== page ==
One small problem: the fall in annual demand for electricity meant the brief seasonal peak had stopped rising. For several years the industry refused to believe the downturn in demand from the network was more than a blip.

So we've expanded the capacity of the network beyond what we're likely to need for some time. But you and I are paying extra for this expansion and will continue paying until it's paid off.

The good news is the econocrats have finally woken up to the problem. Actually, they were woken up in 2012 by the fuss Julia Gillard made when she realised Abbott was framing her for price rises she didn't cause.

In 2012 the rules were changed to give the regulators greater power to limit increases in the network charges passed on to retailers. Such changes take far longer than you'd imagine to flow through, but from now on it seems likely the network component of retail electricity bills will stay fairly steady in dollar terms.

The econocrats have proposed a further reform which, when it takes effect, will require the networks to bill retailers according to the time of day and time of year when you and I use electricity. With the spread of "smart meters" - which show the precise times when each household uses its electricity - we'll be charged according to our time of use, with those of us who show restraint during peak periods paying less, and those who don't paying more. This should produce a lasting solution to the (expensive) problem of ever-rising peak demand on hot afternoons.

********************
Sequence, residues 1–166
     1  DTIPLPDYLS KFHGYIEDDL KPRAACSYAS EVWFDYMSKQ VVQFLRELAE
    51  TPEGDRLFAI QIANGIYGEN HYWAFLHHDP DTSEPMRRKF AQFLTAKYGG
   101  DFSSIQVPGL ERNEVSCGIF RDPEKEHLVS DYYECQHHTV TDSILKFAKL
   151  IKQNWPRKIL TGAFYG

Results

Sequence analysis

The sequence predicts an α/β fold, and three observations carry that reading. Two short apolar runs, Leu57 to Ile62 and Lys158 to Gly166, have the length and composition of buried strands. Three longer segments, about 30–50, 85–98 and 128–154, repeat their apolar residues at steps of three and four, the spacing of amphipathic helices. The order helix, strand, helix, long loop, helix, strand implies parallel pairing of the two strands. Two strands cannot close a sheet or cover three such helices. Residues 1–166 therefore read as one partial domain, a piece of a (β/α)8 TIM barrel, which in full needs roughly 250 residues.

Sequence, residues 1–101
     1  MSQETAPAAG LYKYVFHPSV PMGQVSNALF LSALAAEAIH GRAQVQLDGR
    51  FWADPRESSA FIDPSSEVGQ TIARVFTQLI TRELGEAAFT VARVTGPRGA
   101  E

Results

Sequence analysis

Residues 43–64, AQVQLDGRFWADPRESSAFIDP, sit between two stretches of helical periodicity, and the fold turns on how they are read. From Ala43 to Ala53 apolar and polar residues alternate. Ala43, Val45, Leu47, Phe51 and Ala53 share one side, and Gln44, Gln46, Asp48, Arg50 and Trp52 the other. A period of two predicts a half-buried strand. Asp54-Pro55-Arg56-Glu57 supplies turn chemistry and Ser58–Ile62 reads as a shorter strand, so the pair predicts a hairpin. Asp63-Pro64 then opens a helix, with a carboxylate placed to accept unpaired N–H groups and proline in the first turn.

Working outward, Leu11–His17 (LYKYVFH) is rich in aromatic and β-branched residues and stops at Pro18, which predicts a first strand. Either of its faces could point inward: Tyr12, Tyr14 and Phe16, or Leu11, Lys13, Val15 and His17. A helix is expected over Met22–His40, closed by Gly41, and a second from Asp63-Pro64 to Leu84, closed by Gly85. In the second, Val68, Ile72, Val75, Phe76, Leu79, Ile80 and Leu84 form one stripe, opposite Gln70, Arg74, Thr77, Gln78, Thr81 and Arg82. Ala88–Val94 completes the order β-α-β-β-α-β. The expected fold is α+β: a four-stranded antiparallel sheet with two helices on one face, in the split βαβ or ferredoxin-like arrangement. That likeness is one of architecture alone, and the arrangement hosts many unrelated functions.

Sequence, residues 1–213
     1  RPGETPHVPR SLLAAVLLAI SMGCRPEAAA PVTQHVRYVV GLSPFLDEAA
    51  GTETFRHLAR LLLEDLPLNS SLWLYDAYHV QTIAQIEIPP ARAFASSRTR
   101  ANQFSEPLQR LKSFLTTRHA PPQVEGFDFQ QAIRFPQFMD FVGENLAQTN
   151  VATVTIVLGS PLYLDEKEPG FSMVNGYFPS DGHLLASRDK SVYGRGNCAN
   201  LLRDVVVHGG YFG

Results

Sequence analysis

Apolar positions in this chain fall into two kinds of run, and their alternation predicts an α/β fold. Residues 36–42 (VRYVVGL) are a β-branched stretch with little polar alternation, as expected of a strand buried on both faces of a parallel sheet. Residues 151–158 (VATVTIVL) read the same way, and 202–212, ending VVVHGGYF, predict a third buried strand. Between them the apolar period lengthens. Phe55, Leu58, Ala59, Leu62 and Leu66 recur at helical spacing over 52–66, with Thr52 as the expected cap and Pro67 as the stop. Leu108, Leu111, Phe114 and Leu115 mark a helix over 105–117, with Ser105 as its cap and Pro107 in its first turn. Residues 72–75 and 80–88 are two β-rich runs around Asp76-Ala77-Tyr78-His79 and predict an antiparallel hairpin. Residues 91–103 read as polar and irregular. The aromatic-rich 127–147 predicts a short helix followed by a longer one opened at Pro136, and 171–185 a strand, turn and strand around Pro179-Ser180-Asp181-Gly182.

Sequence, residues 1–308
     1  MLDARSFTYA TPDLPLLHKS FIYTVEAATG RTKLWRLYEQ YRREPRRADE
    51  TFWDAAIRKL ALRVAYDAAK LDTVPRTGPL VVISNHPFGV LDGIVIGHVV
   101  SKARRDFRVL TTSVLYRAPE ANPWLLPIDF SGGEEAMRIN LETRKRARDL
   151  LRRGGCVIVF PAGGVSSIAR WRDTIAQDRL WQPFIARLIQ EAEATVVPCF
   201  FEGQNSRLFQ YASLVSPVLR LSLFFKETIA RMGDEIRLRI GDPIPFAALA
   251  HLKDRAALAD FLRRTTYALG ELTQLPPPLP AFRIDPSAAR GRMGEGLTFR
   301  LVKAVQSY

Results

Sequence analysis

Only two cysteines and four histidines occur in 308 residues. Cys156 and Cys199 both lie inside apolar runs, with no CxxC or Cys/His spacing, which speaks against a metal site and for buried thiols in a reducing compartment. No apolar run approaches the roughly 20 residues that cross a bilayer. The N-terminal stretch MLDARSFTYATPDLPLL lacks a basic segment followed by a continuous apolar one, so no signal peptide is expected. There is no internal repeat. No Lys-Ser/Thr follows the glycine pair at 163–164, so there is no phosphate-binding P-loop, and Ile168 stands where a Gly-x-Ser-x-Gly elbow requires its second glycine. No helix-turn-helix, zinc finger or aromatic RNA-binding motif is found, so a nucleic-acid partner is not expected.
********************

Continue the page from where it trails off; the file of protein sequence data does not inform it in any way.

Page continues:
That leaves the question of the effectiveness of competition between the growing number of electricity retailers, big and small. Here the jury is still out. Much depends on how smart we are in finding the retailer offering the best deal - on which quest I offer some tips in my little online video spiel.

Monday, September 1, 2014

How the econocrats can lift their game

When we judge the performance of chief executives, most of us know the boss who's good at cutting costs isn't worth as much as the boss who's also able to improve the outfit's products and processes. Well, the same goes for treasurers and finance ministers - and their econocrats.

It seems the fiscal managers are running low on good ideas. But not to worry - the former Treasury and prime ministerial adviser Dr Ric Simes, now of Deloitte Access Economics, had some useful advice to offer in a speech to the Australian Business Economists last week.

Simes argues governments themselves have an important role to play in achieving the improved productivity performance the econocrats keep saying we need. Especially when "productivity" is better thought of as "technological progress" and the figures for measured productivity aren't as important as actual improvements in welfare.

"For those parts of the economy where market forces are paramount, government's main role is to make sure that regulation or its own actions allow competition to unfold without unwarranted intervention," Simes says.

To me, this means econocrats should urge their masters to tread carefully when powerful business interests, fighting to shore up a technologically superseded business model, demand that governments make breaches of government-granted copyright a hanging offence.

As Simes says, digital technologies have lower entry barriers and are forcing businesses to be both more productive and more responsive to consumers. So don't help incumbents resist change.